50/50 Review

I’m finding it hard to get started here without making this just like any other review of a great movie, but I suppose I can start with the facts. 50/50 is a touching film about a young man’s diagnosis with cancer and how his life and lives of the people around him are affected. It may be common knowledge at this point, but the reason this film was created was because the screenwriter, Will Reiser, dealt with similar issues when ┬áhe was diagnosed with cancer. In this way, it’s hard not to find honest and true moments making 50/50 an excellent movie through and through.

In a film that combines heartfelt drama with laugh-out-loud comedy, you’ll find in 50/50 a truly compelling and enjoyable story. Seth Rogen is hilarious as always delivering his signature blend of comedy, Anna Kendrick is always enjoyable, but the true star here is of course Joseph Gordon-Levitt. This is a young actor confident in his ability and rightfully so because he really is an incredible actor, his performance in 50/50 is nothing short of breath taking.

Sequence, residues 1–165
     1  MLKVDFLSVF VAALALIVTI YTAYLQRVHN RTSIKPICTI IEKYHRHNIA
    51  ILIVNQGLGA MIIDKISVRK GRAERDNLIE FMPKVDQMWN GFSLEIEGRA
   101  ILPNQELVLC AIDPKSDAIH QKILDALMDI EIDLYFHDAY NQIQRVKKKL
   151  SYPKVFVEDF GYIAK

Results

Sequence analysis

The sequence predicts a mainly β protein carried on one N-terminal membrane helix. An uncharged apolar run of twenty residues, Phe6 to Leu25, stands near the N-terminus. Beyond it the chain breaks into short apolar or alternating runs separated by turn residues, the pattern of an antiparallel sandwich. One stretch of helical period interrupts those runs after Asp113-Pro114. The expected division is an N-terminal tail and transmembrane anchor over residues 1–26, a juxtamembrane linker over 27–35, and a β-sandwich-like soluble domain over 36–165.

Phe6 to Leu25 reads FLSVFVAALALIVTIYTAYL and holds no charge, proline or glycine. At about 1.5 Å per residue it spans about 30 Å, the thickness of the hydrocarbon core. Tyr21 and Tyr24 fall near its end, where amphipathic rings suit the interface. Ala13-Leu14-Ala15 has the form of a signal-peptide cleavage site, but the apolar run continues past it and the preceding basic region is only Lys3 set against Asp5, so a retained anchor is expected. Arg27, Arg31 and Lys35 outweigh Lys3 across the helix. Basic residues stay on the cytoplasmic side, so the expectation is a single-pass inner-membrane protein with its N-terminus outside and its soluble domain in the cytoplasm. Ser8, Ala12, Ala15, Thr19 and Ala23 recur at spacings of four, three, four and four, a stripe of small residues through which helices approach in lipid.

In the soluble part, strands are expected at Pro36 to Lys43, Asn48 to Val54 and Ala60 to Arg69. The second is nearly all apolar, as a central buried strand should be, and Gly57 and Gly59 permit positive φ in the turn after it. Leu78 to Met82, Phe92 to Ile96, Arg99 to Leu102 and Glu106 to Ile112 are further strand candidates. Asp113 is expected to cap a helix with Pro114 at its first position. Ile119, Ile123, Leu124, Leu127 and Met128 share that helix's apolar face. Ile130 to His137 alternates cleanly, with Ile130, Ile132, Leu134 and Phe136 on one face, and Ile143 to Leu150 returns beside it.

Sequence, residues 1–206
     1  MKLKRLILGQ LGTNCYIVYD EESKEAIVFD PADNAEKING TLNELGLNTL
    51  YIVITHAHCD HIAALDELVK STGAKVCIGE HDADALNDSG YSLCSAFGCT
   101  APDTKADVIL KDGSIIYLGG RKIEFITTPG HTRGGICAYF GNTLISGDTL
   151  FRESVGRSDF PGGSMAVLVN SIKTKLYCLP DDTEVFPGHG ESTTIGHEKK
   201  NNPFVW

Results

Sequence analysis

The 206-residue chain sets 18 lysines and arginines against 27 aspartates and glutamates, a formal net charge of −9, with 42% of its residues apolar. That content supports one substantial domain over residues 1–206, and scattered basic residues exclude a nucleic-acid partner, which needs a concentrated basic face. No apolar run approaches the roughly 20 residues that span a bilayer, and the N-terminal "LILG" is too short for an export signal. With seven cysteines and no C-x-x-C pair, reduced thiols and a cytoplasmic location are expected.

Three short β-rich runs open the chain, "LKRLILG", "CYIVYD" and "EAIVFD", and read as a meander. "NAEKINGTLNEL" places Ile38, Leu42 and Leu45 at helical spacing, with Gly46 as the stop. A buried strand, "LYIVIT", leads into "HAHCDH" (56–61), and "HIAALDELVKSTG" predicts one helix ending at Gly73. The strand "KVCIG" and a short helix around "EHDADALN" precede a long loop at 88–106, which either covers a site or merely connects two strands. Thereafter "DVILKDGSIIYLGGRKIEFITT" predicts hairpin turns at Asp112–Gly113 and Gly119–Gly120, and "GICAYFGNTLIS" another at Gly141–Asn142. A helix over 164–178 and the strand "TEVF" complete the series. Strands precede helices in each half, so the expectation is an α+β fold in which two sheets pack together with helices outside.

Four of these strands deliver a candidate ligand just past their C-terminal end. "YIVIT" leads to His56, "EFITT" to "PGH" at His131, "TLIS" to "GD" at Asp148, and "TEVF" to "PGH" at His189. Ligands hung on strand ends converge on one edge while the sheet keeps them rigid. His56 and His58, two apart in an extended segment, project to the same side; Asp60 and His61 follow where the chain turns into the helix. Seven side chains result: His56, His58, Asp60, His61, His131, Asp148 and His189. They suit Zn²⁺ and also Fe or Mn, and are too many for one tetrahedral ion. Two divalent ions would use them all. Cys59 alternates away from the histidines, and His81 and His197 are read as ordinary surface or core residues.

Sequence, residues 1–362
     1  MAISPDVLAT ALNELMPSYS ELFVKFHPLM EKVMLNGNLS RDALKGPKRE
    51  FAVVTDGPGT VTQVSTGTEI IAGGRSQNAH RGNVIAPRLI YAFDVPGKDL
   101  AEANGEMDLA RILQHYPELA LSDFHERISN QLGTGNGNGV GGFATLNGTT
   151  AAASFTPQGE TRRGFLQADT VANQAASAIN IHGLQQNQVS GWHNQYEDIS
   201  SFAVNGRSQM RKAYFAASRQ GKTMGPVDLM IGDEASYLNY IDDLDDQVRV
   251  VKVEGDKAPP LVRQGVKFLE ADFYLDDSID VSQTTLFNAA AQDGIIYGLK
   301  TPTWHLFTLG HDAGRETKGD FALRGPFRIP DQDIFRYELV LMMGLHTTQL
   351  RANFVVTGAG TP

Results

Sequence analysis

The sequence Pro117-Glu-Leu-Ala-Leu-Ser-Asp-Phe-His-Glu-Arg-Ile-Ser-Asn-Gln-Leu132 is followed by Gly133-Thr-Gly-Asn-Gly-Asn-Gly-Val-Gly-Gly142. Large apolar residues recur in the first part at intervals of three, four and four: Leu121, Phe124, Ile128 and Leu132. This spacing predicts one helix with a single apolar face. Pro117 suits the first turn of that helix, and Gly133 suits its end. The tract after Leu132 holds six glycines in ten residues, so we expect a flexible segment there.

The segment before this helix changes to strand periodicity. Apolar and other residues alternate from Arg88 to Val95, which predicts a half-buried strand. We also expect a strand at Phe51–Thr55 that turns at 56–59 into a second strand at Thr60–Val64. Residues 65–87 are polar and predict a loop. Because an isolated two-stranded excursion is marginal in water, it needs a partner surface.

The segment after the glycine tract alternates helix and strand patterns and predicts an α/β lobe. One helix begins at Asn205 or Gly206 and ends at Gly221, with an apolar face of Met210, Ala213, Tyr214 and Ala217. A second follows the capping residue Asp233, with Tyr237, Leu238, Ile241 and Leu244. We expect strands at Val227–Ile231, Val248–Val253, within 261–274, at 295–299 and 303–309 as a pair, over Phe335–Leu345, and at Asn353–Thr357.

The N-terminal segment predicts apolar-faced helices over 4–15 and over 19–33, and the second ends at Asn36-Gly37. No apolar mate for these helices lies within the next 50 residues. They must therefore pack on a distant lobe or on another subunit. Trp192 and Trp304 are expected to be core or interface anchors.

Every single moment, story arc or plot point in this film had the potential to fall apart and seem forced or even stereotypical. Instead, 50/50 is a breath of fresh air. It’s a difficult task to put your finger on exactly why that is because it’s honestly a combination of everything. Take most of the fundamental reasons dramas can be great and the fundamental reasons comedies can be great, put them in a blender and the delicious beverage that results is 50/50.